It’s Wednesday and the cash fed cattle price for the week has been established at mostly $116 in the west and south. Eastern Nebraska and Iowa have still yet to trade with a $184 bid from a major offered. The on-line auction traded at generally the same price point and the Tama, Iowa fat cattle auction was $10 lower than last week.

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The biggest challenge selling fed cattle this week has been the lack of packer competition. Bids are few and far between with only two majors poking around, and only of them actually buying any. It appears that although last week’s negotiated trade volume was low, packers are getting cattle “turned in” to them at a rapid rate as feeders move quickly to unload inventory, filling up slaughter schedules and allowing them to pick and choose from the negotiated offerings.

CME cattle futures, on the other hand have become very whippy- selling off sharply, grease-fire rallying back only to back off once again. The result is soon-to-be gone Jun LC is only a buck discount and most active Aug LC is now a mere $4 back of Printcash. In the back of every trader’s mind is how soon Aug decides to go premium cash and take the short hedgers’ money away.

Certainly, futures had become quite oversold and the cash weakness and inspiration to cover shorts and bottom pick. The beef cutout has lost ground seasonal but is still holding together better than expected and packer margins are historically wide for any time of the year, a trend for 2016. There is growing talk that this week’s kill will be 610k-615k, 50k-55k head above a year ago, just as last week’s kill was 59k above a year ago. Remarkable.

Retail beef features showed up again this week despite Father’s Day weekend being past and included some steaks. Ground beef features near $2 a pound surfaced this week, sorely needed. The round primal, much used for grinds, made a new low for the year this week just as the middles have taken their seasonal tumble. It is key that the ends of the carcass find some improved value in July and August, as the dog days of summer keep the middles in check.

Copyright © 2016 The Beef Read. All rights reserved.
The Beef is published by Consolidated Beef Producers…for more info click here.
Disclaimer:  The Beef, CBP nor Cassie Fish shall not be liable for decisions or actions taken based on the data/information/opinions.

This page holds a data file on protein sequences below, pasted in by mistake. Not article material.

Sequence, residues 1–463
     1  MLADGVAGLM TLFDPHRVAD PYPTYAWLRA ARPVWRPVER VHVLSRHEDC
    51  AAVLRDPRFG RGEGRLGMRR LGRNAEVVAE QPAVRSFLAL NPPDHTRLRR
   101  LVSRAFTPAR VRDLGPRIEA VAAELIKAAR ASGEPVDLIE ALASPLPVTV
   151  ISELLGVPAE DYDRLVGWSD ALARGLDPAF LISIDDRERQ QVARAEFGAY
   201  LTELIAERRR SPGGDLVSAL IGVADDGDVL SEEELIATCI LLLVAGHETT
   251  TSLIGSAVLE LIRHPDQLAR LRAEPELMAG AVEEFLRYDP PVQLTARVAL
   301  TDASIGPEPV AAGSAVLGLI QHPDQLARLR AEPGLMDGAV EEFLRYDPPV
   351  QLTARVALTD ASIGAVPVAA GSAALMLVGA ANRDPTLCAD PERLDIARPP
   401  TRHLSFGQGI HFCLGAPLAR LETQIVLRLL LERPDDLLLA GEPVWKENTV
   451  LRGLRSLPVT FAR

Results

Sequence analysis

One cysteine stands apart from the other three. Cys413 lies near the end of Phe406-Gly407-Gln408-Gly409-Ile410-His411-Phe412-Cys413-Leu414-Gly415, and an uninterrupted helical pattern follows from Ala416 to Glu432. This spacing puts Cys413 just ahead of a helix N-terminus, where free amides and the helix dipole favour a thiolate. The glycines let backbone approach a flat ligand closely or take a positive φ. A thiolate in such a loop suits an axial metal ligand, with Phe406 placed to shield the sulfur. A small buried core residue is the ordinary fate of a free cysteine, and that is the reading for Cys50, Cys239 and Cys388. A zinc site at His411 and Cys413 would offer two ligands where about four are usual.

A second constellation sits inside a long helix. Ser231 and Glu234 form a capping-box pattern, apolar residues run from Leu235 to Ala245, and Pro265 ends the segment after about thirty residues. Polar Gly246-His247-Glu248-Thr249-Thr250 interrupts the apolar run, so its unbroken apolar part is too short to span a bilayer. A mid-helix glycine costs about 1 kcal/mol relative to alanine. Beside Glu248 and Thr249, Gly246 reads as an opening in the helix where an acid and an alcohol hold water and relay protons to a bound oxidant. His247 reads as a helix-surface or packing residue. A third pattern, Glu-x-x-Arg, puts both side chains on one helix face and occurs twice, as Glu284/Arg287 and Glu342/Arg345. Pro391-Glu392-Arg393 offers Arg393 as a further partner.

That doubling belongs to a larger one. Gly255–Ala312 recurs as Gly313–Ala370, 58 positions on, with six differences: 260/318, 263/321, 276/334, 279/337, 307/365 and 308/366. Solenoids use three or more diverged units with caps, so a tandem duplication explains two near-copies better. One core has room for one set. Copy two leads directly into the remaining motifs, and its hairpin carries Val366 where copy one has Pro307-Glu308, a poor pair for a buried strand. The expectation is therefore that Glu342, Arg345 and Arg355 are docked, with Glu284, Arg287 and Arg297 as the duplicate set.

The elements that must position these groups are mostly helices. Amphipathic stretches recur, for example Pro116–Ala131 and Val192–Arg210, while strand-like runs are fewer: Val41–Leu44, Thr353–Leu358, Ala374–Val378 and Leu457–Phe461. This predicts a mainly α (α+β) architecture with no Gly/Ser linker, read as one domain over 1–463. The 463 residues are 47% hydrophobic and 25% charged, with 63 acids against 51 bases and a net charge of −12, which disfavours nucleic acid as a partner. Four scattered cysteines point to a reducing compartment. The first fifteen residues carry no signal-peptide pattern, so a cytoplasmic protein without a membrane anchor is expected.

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Again Looking for a Bounce or a Bottom

Posted On:  06/21/2016

By Cassie Fish, http://cassandrafish.com

Turn-around Tuesday hopes abound today now that CME cattle futures have reached oversold levels after posting contract lows yesterday. An early rally, led by feeders, has already faded but there is danger in pressing futures down here. Seven of the last eight trading days have seen lower closes and most actively traded Aug LC has lost almost $10 in the same period and is $10 below last week’s 5-area average price.

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Given that so much of the fundamental news continues to support thoughts of a bottom, many continue in a state of bafflement as to the futures market continued disregard for the same.

         Good Comp

Yesterday’s USDA Comprehensive Boxed Beef report showed brisk movement, especially in the 22+ window, supporting belief that beef demand to the consumer is excellent, likely the best in years. Last week’s kill, revised up to 607k and the big kills in general of 2016 have been absorbed handily. Less imports to compete has helped as has less cold storage stocks but cheaper retail prices have probably carried the most weight.

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         Cash Quiet

There are hopes that last week’s tiny negotiated trade will inspire at least steady prices and bigger volume this week.logo_combo_banner Those hopes are colored by a large dose of fear however, as the packers hand never seems to be forced regardless of whether he is short bought. Tomorrow’s new fed cattle auction thus far has been more of a downer than an upper as far as market psychology goes.

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Unfortunately for those fatigued by the seemingly endless futures downtrend (and their numbers are many), it is as if the market refuses to bottom until all hopes of one are extinguished. The arguments regarding the discount, algorithmic trading, and broken futures contract haven’t stopped the market, as it appears to be on the cusp of the lowest prices in years.

Boxes will continue to soften seasonally for at least another month and kills will stay large as long as black packer margins and beef demand support them, a long-term positive fundamental. However, maybe the market needs uniformly bearish news before it can finally relent from anticipating it, and that may take a while.